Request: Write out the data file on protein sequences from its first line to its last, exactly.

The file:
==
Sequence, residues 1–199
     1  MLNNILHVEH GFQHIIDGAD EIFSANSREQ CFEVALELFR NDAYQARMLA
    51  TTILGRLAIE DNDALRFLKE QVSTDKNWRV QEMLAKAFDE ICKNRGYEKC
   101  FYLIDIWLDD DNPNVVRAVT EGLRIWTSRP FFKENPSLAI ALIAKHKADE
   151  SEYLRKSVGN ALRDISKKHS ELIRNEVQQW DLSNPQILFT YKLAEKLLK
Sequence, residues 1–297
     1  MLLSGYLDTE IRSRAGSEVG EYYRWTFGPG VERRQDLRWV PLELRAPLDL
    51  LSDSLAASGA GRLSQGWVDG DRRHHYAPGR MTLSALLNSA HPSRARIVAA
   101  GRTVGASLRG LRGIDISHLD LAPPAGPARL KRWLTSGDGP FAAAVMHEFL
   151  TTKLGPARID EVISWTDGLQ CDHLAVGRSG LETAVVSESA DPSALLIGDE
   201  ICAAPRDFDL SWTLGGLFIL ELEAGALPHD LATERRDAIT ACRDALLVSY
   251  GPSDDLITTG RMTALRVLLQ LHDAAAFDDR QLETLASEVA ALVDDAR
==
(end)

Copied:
Sequence, residues 1–199
     1  MLNNILHVEH GFQHIIDGAD EIFSANSREQ CFEVALELFR NDAYQARMLA
    51  TTILGRLAIE DNDALRFLKE QVSTDKNWRV QEMLAKAFDE ICKNRGYEKC
   101  FYLIDIWLDD DNPNVVRAVT EGLRIWTSRP FFKENPSLAI ALIAKHKADE
   151  SEYLRKSVGN ALRDISKKHS ELIRNEVQQW DLSNPQILFT YKLAEKLLK
Sequence, residues 1–297
     1  MLLSGYLDTE IRSRAGSEVG EYYRWTFGPG VERRQDLRWV PLELRAPLDL
    51  LSDSLAASGA GRLSQGWVDG DRRHHYAPGR MTLSALLNSA HPSRARIVAA
   101  GRTVGASLRG LRGIDISHLD LAPPAGPARL KRWLTSGDGP FAAAVMHEFL
   151  TTKLGPARID EVISWTDGLQ CDHLAVGRSG LETAVVSESA DPSALLIGDE
   201  ICAAPRDFDL SWTLGGLFIL ELEAGALPHD LATERRDAIT ACRDALLVSY
   251  GPSDDLITTG RMTALRVLLQ LHDAAAFDDR QLETLASEVA ALVDDAR